The timing of Prime Minister Narendra Modi’s visit to Japan, scheduled from August 31 to September 3, is slightly off. However, what has been lost in timing can be made up in the rhetoric of the joint statement. The visit to Japan was initially scheduled for July 3 to July 5. Modi had to postpone the visit due to the Budget Session of Parliament beginning from July 7.
Had the initial visit materialized, consider the chronology of events that would have been witnessed: 1) Tibetan Prime Minister in-exile Lobsang Sangay visits India for Modi’s swearing-in ceremony on May 26; 2) Japanese Prime Minister Shinzo Abe’s Cabinet announces a reinterpretation of the country’s pacifist Constitution (specifically Article 9) on July 1 that would allow Japanese Self-Defense Forces to come to the aid of allied countries under attack; and 3) Modi, who is believed to share very good personal relations with Abe, visiting Japan on July 3. The combined impact of these three events in succession could have sent a clear message to Beijing, that the new government under Modi would not allow China to assert its primacy in the region.
The missed opportunity of not visiting Japan early enough should now be offset by the rhetoric of the joint statement. The converging geo-political interests of India and Japan in curbing the growing assertiveness of China in the Asia-Pacific is certainly one of the major factors binding the two nations together. While the unresolved border dispute between India and China has continued for more than six decades, a relatively newer aggressive posture by China vis-à-vis Japan over the ownership of the Senkaku/Diaoyu Islands in the East China Sea has opened up new opportunities for cooperation between India and Japan.
India and Japan also share a basic commitment to liberal democratic governance, which sets them apart from authoritarian China. China also opposes India and Japan being given permanent seats on the United Nations Security Council. In light of these reasons, a joint statement in the upcoming visit has to be high on rhetoric. The statement will do well to recognise India as a “friend” of Japan, which will be eligible to reap the benefits of the reinterpretation of Article 9 of the Japanese Constitution.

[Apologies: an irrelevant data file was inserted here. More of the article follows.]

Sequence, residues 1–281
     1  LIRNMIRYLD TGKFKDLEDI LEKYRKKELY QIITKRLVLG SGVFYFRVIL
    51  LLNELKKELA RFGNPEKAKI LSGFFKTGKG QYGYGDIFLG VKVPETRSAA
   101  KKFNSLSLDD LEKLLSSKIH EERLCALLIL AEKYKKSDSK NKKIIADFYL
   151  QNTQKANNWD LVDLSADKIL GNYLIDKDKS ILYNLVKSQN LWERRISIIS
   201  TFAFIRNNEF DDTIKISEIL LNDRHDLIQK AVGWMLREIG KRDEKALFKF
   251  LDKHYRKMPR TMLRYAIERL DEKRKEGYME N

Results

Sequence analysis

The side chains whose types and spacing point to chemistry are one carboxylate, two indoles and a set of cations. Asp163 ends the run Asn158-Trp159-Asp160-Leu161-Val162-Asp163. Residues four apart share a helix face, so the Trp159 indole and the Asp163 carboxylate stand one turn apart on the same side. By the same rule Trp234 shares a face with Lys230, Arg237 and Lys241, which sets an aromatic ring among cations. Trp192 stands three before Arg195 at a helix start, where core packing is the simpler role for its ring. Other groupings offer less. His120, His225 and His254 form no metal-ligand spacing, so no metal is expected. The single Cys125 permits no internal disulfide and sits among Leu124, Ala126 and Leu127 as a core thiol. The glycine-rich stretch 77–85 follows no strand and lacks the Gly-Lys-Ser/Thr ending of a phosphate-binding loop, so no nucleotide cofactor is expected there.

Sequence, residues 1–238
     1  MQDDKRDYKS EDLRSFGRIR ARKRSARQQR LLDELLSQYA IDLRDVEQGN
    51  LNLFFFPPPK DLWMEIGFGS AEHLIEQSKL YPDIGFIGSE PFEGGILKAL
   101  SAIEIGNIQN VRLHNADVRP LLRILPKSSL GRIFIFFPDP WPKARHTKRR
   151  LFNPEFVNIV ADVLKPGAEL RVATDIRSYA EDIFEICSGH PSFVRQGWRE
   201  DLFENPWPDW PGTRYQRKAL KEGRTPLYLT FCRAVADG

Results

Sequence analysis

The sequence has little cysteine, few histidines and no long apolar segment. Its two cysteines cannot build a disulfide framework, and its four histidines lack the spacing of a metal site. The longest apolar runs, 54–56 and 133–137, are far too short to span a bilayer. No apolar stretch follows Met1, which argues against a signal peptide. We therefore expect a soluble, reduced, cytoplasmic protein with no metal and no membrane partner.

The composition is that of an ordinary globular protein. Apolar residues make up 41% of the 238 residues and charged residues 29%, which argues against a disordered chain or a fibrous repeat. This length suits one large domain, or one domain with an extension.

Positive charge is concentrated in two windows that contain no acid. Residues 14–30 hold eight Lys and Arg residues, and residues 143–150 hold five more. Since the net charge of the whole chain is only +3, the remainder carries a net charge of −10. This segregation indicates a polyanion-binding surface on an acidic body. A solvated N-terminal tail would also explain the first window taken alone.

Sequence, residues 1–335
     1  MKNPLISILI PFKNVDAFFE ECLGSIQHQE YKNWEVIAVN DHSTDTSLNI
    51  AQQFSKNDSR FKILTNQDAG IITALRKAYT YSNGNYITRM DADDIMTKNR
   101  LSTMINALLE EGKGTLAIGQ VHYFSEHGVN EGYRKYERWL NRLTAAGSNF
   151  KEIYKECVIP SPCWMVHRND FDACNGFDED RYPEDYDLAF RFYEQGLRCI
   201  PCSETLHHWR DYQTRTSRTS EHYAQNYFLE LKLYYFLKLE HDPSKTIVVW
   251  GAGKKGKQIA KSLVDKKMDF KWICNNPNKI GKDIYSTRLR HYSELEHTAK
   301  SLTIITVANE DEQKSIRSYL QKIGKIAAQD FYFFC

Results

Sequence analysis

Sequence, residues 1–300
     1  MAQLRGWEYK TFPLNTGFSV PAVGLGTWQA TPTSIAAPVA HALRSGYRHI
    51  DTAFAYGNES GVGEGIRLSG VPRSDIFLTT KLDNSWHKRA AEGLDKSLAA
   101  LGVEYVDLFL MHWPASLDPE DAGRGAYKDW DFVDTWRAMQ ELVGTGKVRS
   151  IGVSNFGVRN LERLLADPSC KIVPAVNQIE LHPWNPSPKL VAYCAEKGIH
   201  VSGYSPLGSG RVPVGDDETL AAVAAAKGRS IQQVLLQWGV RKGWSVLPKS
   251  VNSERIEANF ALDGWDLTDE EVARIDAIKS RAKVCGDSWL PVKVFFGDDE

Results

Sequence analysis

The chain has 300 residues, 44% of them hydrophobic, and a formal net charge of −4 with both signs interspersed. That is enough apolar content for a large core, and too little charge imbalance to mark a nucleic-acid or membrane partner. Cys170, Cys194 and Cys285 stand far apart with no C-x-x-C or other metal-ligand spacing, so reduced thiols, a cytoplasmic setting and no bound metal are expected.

The statement should also adopt a mix of subtle and open references to Chinese claims in both the East China Sea and the Indian territories of Ladakh and Arunachal Pradesh. The statement should warn against any sort of unilateral adventurism adopted by any country (read China) to settle territorial disputes. The joint statement should go a step further to condemn any sort of invasion, including “cartographic invasion,” a method deftly and routinely adopted by the Chinese. The statement should also reaffirm the joint demands of India and Japan to become permanent members of the U.N. Security Council. With John Kerry reaffirming the U.S. support for Indian Security Council membership, three of the four largest economies of the world are on board to broaden the Council’s membership. China should not be allowed to nix the proposal.
The absence of a bitter historical dispute between India and Japan allows Modi and Abe, two nationalist prime ministers, to increase mutual cooperation. It is true that the relationship saw a difficult period following the Pokhran nuclear tests in 1998, with Japan imposing various sanctions on India. The impasse was later resolved with global reconsideration of India’s security imperatives, and Japanese Prime Minister Yoshiro Mori paying a visit to India in 2000.
While the civil nuclear cooperation deal is on the table, efforts should be made to dramatically increase trade between the two countries. The current trade volume of $19 billion paints a picture of missed opportunities between the third and fourth largest economies of the world. India also needs Japan to finance its ambitious infrastructure projects like railway modernization, highway construction, the Delhi-Mumbai Industrial Corridor and the building of “smart” cities.
The potential of economic cooperation backed by the convergence of geo-political interests, lays the foundations of long-term strategic cooperation between the two countries. Abe in his book Towards a Beautiful Country says, “It will not be a surprise if in another decade Japan-India relations overtake Japan-U.S. and Japan-China ties.” While eight years have passed since the book was published, India-Japan relations have not moved closer to Abe’s vision. If trade is one indicator, Japan-U.S. ties ($204 billion) and Japan-China ties ($312 billion) are far ahead of Japan-India ties ($19 billion). A correction is in order.
While addressing the joint session of the Indian Parliament in 2007, Abe said the “Japan-India relationship is blessed with the largest potential for development of any bilateral relationship anywhere in the world.” Now is the time to translate those words into action.
Kunal Singh is a Research Associate at the Centre for Policy Research (CPR). Follow him on Twitter @kunaldrajput.